George U. Harvey Playground
What was here before?
This playground is in the section of Queens known as Whitestone—its name derived from a large limestone boulder found in 1645 by the Dutch, who bought the land from the Matinecock.
How did this site become a playground?
The village of Whitestone acquired this land in 1892 as part of its water supply system. NYC Parks took possession of the site in 1936 in conjunction with the construction of the Whitestone Parkway and in 1939 opened it as a children’s playground. The parkland was landscaped with various trees and a path system and in 1953 the comfort station was added.
In 1995, a park renovation at the south side included modernized play equipment, the conversion of a wading pool to a spray feature, and refurbishment of the basketball court. A roller hockey rink and bleachers, tables, landscaping, lighting were added and were rebuilt in 2018.
Who is this playground named for?
This park honors George Upton Harvey (1881-1946) Queens Borough President from 1928 to 1941. Born in County Galway, Ireland, the Harveys moved to Chicago when George was five years old. His father founded The International Confectioner, a trade paper, and after working there Harvey served as a correspondent and photographer for the Army and Navy journal. A captain during World War I, he commanded Company A of the 308th Infantry Regiment, 77th Division. In 1920, Harvey was appointed Assistant Director of the State Income Tax Bureau in Jamaica, New York.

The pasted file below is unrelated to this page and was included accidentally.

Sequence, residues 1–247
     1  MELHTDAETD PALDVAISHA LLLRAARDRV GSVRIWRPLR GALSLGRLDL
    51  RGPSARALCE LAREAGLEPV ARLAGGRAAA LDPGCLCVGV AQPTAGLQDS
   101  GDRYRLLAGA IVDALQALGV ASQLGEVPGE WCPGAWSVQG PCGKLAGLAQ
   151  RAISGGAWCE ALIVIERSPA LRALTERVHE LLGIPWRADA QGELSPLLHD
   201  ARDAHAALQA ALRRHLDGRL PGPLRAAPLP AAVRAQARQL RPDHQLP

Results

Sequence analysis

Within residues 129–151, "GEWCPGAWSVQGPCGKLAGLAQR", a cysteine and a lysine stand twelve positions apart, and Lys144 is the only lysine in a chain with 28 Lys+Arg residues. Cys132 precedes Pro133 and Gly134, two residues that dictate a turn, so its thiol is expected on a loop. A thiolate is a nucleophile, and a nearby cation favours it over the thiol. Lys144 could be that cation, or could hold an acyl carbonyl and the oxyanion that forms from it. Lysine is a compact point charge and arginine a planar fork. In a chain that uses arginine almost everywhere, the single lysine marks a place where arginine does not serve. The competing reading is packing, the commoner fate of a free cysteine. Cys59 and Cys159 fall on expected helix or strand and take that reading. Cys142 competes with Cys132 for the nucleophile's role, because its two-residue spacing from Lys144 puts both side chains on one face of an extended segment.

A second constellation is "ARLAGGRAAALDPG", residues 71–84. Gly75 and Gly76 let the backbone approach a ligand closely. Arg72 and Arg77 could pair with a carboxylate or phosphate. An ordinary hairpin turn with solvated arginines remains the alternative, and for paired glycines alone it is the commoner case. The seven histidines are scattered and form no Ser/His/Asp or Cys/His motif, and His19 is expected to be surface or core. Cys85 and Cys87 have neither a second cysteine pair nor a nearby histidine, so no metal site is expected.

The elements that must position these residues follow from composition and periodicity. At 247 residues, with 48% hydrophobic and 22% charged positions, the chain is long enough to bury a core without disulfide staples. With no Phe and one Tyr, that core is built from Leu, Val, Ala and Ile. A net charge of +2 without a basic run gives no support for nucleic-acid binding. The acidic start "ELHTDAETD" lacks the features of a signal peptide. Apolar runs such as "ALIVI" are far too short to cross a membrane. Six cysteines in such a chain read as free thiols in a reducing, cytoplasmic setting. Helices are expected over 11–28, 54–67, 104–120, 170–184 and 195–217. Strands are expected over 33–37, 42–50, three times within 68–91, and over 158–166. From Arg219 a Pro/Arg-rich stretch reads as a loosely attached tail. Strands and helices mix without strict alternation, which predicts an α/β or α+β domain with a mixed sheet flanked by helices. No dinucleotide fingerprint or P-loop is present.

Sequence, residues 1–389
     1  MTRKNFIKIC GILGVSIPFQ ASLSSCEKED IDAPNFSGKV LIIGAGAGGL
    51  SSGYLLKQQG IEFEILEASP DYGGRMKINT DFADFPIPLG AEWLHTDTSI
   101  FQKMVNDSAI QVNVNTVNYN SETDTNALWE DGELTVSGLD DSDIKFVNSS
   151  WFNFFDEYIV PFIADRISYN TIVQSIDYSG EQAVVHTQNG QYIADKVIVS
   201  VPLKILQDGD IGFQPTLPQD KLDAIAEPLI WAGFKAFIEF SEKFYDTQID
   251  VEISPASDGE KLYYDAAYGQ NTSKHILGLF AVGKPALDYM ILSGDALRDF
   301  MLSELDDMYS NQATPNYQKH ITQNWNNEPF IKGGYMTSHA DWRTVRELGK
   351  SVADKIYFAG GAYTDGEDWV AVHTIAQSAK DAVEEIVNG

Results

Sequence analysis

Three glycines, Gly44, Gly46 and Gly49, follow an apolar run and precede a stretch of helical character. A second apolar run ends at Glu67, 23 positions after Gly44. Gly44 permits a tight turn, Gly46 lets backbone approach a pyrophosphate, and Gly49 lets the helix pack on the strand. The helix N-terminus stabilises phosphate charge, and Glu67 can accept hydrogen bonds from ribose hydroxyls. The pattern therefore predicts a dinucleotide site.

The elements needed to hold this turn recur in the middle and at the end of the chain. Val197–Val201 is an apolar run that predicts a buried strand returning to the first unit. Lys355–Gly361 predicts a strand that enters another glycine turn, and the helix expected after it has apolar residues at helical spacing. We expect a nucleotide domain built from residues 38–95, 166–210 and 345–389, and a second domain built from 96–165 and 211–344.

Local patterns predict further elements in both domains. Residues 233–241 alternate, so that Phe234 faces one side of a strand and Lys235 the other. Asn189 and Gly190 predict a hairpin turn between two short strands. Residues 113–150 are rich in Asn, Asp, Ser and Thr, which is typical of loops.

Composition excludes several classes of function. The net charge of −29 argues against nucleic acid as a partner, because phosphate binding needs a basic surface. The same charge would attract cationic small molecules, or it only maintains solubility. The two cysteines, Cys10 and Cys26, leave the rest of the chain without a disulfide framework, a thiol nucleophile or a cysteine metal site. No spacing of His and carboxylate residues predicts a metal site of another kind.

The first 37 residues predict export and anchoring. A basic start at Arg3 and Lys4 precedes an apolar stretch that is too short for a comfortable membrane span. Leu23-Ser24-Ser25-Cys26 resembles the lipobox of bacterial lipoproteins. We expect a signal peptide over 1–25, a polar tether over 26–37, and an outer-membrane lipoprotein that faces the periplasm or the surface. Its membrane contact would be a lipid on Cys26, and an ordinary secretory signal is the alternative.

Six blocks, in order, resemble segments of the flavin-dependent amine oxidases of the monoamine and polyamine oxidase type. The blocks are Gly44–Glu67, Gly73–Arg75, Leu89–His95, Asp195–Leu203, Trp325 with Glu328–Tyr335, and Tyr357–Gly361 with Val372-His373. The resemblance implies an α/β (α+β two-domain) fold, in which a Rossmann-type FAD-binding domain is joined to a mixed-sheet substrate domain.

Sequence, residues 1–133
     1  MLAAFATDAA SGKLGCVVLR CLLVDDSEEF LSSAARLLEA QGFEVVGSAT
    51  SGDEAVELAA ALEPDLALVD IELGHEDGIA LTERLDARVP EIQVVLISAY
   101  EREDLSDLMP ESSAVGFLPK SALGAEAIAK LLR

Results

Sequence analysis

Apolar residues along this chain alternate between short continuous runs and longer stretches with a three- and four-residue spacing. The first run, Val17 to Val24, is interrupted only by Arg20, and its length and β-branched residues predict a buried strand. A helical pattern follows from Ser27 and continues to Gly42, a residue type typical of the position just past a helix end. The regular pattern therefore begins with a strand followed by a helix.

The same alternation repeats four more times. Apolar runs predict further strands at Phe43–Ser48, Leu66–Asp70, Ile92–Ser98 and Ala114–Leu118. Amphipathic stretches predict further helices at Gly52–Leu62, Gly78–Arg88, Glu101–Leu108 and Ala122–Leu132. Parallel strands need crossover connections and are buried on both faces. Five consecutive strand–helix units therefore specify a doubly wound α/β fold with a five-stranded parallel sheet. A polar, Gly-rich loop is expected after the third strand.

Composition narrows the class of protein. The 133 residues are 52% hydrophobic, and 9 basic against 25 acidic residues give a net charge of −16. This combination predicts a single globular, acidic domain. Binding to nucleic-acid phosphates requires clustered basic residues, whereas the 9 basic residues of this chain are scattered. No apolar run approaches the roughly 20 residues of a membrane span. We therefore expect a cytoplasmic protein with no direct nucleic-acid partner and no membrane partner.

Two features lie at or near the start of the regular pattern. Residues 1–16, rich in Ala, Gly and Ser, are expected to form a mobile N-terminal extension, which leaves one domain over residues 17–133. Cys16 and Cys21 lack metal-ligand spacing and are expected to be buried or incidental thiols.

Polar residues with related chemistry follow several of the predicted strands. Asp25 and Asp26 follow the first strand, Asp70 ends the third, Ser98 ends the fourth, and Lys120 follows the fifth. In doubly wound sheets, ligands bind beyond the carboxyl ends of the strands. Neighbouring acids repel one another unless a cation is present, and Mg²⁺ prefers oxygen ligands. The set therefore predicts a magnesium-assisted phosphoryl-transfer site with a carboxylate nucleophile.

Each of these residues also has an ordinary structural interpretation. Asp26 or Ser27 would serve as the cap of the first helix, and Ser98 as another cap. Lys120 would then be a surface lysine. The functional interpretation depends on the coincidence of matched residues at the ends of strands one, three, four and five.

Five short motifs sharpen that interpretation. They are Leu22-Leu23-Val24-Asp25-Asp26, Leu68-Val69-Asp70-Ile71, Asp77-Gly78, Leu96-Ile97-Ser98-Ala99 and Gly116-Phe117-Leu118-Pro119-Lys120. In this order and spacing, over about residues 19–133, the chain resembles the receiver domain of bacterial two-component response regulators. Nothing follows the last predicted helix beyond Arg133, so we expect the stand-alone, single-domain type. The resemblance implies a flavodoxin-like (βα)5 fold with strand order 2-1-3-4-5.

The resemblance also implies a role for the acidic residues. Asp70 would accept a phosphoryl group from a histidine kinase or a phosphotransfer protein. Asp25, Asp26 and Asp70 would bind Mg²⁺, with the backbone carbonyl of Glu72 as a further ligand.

Harvey began his career in electoral politics when he successfully ran for election to the Board of Aldermen in 1921 as a Republican from Queens and was re-elected in 1923. Though Harvey lost the 1925 election for President of the Board of Aldermen, a sewer scandal resulting in the ouster of Borough President Maurice Connolly vaulted Harvey into the Borough Presidency in a special election to complete Connolly’s term. Harvey was Queens’ first Republican Borough President since the 1898 consolidation of New York City. He was re-elected to this office in 1929, 1933, and 1937, serving until 1941.
Harvey was a bitter foe of the Tammany political machine at home and Communism abroad. In 1928, he initiated a major expansion of arterial highway and parkway improvements in Queens. He also played an active role in the World’s Fair at Flushing Meadow in 1939-40. In 1932 and again in 1938, he considered running for Governor but ultimately declined to do so. On April 6, 1946, Harvey died of a heart attack while helping to battle a brush fire near his home in New Milford, Connecticut.